History of Estonia between 1945 - 1991
After World War II Estonia was once again occupied by Soviet Union and stuck behind the iron curtain. An anti-Soviet guerrilla movement known as the "Metsavennad" ("Forest Brothers") developed in the countryside, reaching its zenith in 1946–48. It is hard to tell how many people were in the ranks of the Metsavennad; however, it is estimated that at different times there could have been about 30,000–35,000 people. Probably the last Forest Brother was caught in September 1978, and killed himself during his apprehension. In March 1949, 20,722 people (2.5% of the population) were deported to Siberia. By the beginning of the 1950s, the occupying regime had suppressed the resistance movement.
After the war the Communist Party of the Estonian Soviet Socialist Republic (ECP) became the pre-eminent organization in the republic. The ethnic Estonian share in the total ECP membership decreased from 90% in 1941 to 48% in 1952.
One positive aspect of the post-Stalin era in Estonia was the regranting of permission in the late 1950s for citizens to make contact with foreign countries. Ties were reactivated with Finland, and in the 1960s, a ferry connection was opened from Tallinn to Helsinki and Estonians began watching Finnish television. This electronic "window on the West" afforded Estonians more information on current affairs and more access to Western culture and thought than any other group in the Soviet Union.
In 1955 the TV Centre was built in Tallinn, that began TV broadcasts on June 29 of that year. The Tallinn Song Festival Grounds, the venue for the song festivals, were built in 1960. Only after the Khrushchev Thaw period of 1956 did healthcare networks start to stabilise. Due to natural development, science and technology advanced and popular welfare increased. All demographic indicators improved; birth rate increased, mortality decreased. Healthcare became freely available to everybody during the Soviet era.
In the late 1970s, Estonian society grew increasingly concerned about the threat of cultural Russification to the Estonian language and national identity. By 1981, Russian was taught in the first grade of Estonian-language schools and was also introduced into Estonian pre-school teaching.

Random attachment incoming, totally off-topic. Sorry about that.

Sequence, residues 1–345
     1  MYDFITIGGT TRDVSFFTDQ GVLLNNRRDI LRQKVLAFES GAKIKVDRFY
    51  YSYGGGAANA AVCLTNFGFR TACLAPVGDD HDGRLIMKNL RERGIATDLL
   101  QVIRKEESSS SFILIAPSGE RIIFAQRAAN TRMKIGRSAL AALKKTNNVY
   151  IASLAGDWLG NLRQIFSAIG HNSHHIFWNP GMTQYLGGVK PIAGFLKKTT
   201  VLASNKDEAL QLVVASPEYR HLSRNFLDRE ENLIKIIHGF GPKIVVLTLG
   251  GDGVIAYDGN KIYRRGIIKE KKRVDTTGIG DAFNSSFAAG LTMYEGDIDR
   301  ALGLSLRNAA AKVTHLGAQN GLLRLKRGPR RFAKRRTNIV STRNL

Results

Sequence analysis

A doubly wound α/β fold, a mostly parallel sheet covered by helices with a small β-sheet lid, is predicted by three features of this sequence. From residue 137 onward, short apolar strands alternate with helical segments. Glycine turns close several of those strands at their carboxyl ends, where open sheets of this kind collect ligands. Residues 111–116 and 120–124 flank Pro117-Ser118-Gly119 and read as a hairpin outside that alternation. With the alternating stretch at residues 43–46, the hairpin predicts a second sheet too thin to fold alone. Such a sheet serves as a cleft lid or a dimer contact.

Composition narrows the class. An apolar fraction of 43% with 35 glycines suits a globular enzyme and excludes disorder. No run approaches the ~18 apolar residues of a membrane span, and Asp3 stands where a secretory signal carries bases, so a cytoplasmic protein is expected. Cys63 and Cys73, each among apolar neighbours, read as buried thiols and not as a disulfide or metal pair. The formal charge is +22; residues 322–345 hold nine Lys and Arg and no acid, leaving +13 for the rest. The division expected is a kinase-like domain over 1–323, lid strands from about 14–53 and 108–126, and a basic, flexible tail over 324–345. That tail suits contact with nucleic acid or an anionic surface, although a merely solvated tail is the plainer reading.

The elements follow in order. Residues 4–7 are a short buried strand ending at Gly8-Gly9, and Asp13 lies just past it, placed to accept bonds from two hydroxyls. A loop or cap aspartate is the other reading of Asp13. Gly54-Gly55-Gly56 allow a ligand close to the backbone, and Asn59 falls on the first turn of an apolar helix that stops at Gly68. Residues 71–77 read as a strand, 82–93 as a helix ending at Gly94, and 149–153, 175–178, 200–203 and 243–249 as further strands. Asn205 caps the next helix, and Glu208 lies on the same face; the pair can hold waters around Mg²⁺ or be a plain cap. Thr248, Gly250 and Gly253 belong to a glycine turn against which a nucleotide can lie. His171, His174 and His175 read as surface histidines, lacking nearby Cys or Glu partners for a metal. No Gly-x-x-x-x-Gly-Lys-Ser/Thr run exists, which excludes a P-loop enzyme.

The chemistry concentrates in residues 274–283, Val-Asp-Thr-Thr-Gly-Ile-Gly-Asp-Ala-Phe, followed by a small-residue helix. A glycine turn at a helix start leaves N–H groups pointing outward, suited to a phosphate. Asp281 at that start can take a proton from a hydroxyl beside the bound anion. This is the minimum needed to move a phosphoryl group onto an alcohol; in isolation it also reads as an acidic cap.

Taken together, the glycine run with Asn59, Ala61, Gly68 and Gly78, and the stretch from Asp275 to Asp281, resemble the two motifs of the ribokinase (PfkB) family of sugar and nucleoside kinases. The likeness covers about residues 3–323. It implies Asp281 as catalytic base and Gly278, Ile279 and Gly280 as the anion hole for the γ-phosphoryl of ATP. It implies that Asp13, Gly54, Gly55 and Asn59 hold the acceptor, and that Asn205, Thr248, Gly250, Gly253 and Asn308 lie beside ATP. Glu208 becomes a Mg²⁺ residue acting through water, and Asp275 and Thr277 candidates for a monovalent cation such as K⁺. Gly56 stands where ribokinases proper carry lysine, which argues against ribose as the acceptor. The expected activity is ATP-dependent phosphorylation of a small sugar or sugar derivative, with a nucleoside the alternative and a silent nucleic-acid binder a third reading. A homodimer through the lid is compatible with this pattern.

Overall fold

By the beginning of the Gorbachev era (1985), concern over the cultural survival of the Estonian people had reached a critical point. The ECP remained stable in the early perestroika years but waned in the late 1980s. Other political movements, groupings and parties moved to fill the power vacuum. The first and most important was the Estonian Popular Front, established in April 1988 with its own platform, leadership and broad constituency. The Greens and the dissident-led Estonian National Independence Party soon followed.
The Château de Chaumont was founded in the 10th century by Odo I, Count of Blois. The purpose was to protect his lands from attacks from his feudal rivals, Fulk Nerra, Count of Anjou. On his behalf the Norman Gelduin received it, improved it and held it as his own. His great-niece Denise de Fougère, having married Sulpice d'Amboise, passed the château into the Amboise family for five centuries.
Pierre d'Amboise unsuccessfully rebelled against King Louis XI and his property was confiscated, and the castle was dismantled on royal order in 1465. It was later rebuilt by Charles I d'Amboise from 1465–1475 and then finished by his son, Charles II d'Amboise de Chaumont from 1498–1510, with help from his uncle, Cardinal Georges d'Amboise; some Renaissance features were to be seen in buildings that retained their overall medieval appearance. The château was acquired by Catherine de Medici in 1550. There she entertained numerous astrologers, among them Nostradamus. When her husband, Henry II, died in 1559 she forced his mistress, Diane de Poitiers, to exchange Château de Chaumont for Château de Chenonceau which Henry had given to de Poitiers. Diane de Poitiers only lived at Chaumont for a short while.
Later Chaumont has changed hands several times. Paul de Beauvilliers bought the château in 1699, modernized some of its interiors and decorated it with sufficient grandeur to house the duc d'Anjou on his way to become king of Spain in 1700. Monsieur Bertin demolished the north wing to open the house towards the river view in the modern fashion.
In 1750, Jacques-Donatien Le Ray purchased the castle as a country home where he established a glassmaking and pottery factory. He was considered the French "Father of the American Revolution" because he loved America. However, in 1789, the new French Revolutionary Government seized Le Ray's assets, including his beloved Château de Chaumont.
The castle has been classified as a Monument historique since 1840 by the French Ministry of Culture. The Château de Chaumont is currently a museum and every year hosts a Garden Festival from April to October where contemporary garden designers display their work in an English-style garden.